Researchers from postsecondary institutions across Canada are continuing to make breakthroughs and advances in cancer treatments and monitoring. At Queen’s University, MDetect, which was started out of Queen’s Cancer Research Institute, is trialing the use of blood tests to monitor treatment effectiveness. A University of Manitoba lab has published the results of a study into an innovative treatment for childhood brain cancer, which targets cell metabolism so that tumors will respond to treatments. Two universities have made breakthroughs related to glioblastomas (GBM): A McMaster University research team is developing a new treatment approach that targets two proteins that are associated with GBM’s aggression and resistance to treatment, while researchers from the University of Toronto and beyond have published a study on the results of using a unique “one-two punch” treatment for GBM that increased survival in a small group of patients.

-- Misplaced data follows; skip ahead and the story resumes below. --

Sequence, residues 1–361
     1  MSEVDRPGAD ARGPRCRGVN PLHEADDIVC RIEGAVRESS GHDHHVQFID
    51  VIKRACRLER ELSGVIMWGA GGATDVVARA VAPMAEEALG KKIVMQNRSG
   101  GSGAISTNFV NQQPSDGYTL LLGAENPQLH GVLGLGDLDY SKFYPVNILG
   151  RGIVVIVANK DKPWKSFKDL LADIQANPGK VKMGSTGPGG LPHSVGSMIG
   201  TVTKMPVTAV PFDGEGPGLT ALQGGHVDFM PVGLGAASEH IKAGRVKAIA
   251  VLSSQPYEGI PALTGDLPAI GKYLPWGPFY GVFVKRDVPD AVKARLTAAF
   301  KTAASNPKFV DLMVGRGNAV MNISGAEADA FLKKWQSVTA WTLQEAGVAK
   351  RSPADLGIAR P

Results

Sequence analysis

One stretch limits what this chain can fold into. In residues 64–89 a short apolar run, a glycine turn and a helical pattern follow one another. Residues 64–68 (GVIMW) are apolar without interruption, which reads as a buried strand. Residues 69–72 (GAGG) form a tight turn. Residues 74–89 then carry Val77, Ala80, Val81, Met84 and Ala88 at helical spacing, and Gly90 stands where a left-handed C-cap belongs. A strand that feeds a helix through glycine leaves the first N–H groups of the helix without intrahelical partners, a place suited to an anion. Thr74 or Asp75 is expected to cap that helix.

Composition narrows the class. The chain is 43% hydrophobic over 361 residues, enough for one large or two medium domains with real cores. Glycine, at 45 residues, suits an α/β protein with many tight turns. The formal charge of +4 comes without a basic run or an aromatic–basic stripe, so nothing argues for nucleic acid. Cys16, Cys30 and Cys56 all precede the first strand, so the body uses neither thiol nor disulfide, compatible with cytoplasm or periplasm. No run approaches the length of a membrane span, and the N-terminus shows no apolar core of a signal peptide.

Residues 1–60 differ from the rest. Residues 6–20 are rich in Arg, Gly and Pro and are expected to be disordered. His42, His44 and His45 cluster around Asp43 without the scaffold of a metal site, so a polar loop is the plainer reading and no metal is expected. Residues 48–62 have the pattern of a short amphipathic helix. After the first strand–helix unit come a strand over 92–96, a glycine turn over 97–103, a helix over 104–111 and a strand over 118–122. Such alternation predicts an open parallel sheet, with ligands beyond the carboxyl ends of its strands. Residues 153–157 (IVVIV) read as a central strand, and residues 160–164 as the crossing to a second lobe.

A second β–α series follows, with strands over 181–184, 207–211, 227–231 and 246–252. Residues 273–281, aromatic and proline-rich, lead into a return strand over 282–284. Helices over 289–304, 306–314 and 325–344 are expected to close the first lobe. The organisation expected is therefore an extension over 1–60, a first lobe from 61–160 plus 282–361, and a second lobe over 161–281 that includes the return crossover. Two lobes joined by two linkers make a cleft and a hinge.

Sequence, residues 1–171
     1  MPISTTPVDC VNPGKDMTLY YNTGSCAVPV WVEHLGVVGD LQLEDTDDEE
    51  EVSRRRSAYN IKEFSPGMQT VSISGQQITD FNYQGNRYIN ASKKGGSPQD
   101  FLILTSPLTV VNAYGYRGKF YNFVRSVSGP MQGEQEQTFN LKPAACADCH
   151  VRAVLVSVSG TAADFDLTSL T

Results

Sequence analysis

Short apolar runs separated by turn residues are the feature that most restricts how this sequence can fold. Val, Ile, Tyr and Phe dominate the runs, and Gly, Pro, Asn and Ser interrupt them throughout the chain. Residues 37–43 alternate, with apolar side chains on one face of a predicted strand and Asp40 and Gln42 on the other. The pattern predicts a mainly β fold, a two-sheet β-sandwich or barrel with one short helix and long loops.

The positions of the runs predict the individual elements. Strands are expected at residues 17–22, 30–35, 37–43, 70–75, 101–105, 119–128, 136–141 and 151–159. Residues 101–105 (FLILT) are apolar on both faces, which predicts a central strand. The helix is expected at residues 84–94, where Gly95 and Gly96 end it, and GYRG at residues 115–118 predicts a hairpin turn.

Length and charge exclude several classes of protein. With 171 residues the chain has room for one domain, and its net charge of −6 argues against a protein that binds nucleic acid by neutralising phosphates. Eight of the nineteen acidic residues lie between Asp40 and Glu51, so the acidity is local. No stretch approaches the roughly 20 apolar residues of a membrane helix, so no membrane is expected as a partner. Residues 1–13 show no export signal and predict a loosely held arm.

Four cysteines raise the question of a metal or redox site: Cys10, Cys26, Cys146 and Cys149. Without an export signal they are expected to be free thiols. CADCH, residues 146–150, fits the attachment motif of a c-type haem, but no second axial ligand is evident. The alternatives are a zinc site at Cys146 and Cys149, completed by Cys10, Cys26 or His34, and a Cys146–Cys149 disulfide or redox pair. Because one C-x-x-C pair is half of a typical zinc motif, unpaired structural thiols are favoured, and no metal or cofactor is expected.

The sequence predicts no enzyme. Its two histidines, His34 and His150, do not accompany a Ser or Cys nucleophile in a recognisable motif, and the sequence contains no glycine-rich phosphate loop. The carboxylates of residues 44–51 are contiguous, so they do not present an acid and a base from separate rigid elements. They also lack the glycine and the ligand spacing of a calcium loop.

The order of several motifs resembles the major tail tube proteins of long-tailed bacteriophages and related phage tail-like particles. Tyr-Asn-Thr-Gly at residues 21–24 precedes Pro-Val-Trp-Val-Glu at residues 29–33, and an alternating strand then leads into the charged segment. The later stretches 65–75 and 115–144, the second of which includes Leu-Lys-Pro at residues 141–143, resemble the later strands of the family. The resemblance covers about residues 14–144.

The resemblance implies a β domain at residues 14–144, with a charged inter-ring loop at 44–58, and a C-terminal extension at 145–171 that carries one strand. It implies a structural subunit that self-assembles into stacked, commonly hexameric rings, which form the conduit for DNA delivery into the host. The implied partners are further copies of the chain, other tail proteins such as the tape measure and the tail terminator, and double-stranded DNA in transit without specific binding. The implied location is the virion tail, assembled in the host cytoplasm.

Concordia University has partnered with the City of Shawinigan and the Cégep de Shawinigan’s Centre National en électrochimie et en Technologies Environnementales (CNETE) to create a thematic campus focused on energy transition. The campus will address climate change by fostering research, development, innovation, and education and training in areas related to the energy transition such as energy systems, electrochemistry, and next-generation batteries. “This exceptional synergy will enable the development of high-quality training programs and applied research,” said CNETE Director Nancy Déziel. “We are convinced that our complementary expertise will ensure we accelerate the innovative processes and products brought to market, thus making Quebec more competitive.”